Tariffs and the Tax Cut

First Up 06/13/18

Tariffs and the Tax Cut
More than a few conservative intellectuals have warmed to Donald Trump’s trade protectionism because it supposedly helps blue-collar Americans. But what if his tariffs do the opposite, asks The Wall Street Journal. Erica York at the Tax Foundation crunched some numbers recently showing that Mr. Trump’s proposal for a 25 percent tariff on imported cars, trucks and parts could eliminate half of the income gains from tax reform for millions of Americans. Those in the lowest income quintile could lose 49 percent of their tax gains. The tariffs shave gains in all income brackets, but no one is hurt more than the poor and middle class. Tariffs are inherently regressive because low-income Americans spend more of their income on household goods. Commerce Secretary Wilbur Ross has argued that no one will notice price increases—what’s a few cents more for a can of soup? But people in Mr. Ross’s income strata are not the Trump base. The Commerce Department is still looking at whether a muffler is a national security threat under Section 232 of the Trade Expansion Act of 1962. President Trump should abandon the idea lest Americans wonder if they really benefitted from that tax cut. Read more here

Tariffs May Cost Carmakers 1 Million Auto Sales a Year
If President Donald Trump slaps a 25 percent tariff on imported vehicles, it may cost the U.S. auto industry 1 million annual vehicle sales – and that’s just the low end of the estimated damage. According to Bloomberg, the projection by researcher LMC Automotive assumes automakers would absorb at least half the cost of a tax on imported vehicles, said Jeff Schuster, senior vice president of forecasting. If companies pass the full 25 percent cost on to consumers, it could snuff out about 2 million sales, or more than 10 percent of annual U.S. deliveries, he said. President Trump’s order last month to investigate auto imports for potential trade penalties on national security grounds came as a surprise and quickly drew criticism from automakers, dealers, and Republican lawmakers. While some analysts discounted it as a negotiating tactic to pressure Canada, Mexico and the European Union on trade, Trump has since attacked Canadian Prime Minister Justin Trudeau following the G-7 summit in Quebec. Read more here

Toyota Dives Into Ride Hailing
Toyota Motor Corp. is making the largest ever bet by an automaker on ride hailing as it embraces new businesses that threaten to disrupt the industry's traditional model of vehicle ownership. According to Automotive News, the world's most profitable car manufacturer is investing $1 billion in Singapore's Grab Holdings Inc., valuing Southeast Asia's largest car-hailing service at just over $10 billion, according to a person familiar with the transaction. It follows an initial investment last year through Toyota's trading arm in the company that forced Uber Technologies Inc. out of the region. Toyota's outlay in Grab is double the size of General Motors's investment in Lyft Inc. in 2016, underscoring the sense of urgency CEO Akio Toyoda has in shifting the company toward mobility services. The 81-year-old automaker, founded by Toyoda's grandfather, is preparing for intensifying competition from peers as well as technology giants as the industry transforms. Read more here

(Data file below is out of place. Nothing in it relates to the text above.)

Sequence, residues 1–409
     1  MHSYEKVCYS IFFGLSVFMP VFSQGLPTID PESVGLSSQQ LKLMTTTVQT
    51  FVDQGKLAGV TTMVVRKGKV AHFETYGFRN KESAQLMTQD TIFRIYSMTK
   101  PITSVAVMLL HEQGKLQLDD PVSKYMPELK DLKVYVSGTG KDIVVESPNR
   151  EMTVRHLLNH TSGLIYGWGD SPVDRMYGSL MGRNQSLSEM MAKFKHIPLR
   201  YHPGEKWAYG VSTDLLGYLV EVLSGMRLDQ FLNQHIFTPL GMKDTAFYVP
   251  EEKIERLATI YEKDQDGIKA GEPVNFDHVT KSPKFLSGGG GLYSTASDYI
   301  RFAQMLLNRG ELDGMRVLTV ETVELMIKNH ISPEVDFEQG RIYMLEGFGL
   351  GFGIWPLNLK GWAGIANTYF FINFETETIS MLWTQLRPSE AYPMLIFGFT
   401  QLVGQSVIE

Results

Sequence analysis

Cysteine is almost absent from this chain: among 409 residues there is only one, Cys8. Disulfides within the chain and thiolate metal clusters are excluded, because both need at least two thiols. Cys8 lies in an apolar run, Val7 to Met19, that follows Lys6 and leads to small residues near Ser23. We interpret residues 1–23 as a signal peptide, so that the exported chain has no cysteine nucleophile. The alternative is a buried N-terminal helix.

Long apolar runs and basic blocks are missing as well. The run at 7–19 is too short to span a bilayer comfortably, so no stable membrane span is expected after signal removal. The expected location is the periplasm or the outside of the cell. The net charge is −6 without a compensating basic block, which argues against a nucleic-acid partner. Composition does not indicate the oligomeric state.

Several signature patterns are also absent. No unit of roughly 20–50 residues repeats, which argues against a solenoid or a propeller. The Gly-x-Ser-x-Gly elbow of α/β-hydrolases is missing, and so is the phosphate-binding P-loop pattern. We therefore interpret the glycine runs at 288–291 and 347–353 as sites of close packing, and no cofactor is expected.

Feds Label Fiat Chrysler, UAW as Co-Conspirators
Federal prosecutors labeled the United Auto Workers and Fiat Chrysler Automobiles NV as co-conspirators in a widening corruption scandal, an allegation at odds with claims the labor union and automaker were victimized by rogue employees, reports The Detroit News. The allegation, contained in a federal court plea agreement obtained by The Detroit News on Tuesday, potentially exposes the automaker and the UAW — a cornerstone of the modern American automotive industry — to criminal charges, fines, and governmental oversight, according to a former federal prosecutor. Federal prosecutors say the union and Fiat Chrysler conspired from before 2009 through 2015 to violate the Labor Management Relations Act and the automaker enabled nepotism to flourish at a blue-collar training center. The law prohibits employers or those working for them from paying, lending, or delivering money or other valuables to officers or employees of labor organizations — and from labor leaders from accepting such items. Read more here.  

Tesla Cutting 9% of Workforce and Home Depot Deal, CEO Elon Musk Says
Tesla said Tuesday that it will cut thousands of jobs, aiming to improve its finances amid a period of torrential losses as it accelerates production of its newest electric vehicle, reports USA Today. Tesla CEO Elon Musk confirmed the company is shedding about 9 percent of its workforce — "almost entirely" salaried employees but not production-line workers, according to an internal email he posted to Twitter. The company had 37,543 full-time employees as of Dec. 31, according to a public filing. At that level, 9 percent would equal nearly 3,400 jobs. The company, based in Palo Alto, California, also plans to end its deal to sell solar panels at home improvement chain Home Depot. Instead, Tesla will focus on selling solar power through its own stores. The moves come as Musk is facing pressure to ramp up output of the new Model 3 electric sedan and show bottom-line profitability. Musk said the cuts would not affect the company's ability to speed up production. Read more here

CNA National Adds Coverage for High-Tech Components
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Around the Web

Auto Parts Manufacturers Are Hurt by Tariffs, Rising Metal Prices [NPR]

2019 Audi S7 Spy Shots and Video [MotorAuthority]

12 New Cars with the Worst One-Year Resale Value [Forbes]

Next-Gen Porsche 911 Carrera to Start with 390 HP [Autoblog]

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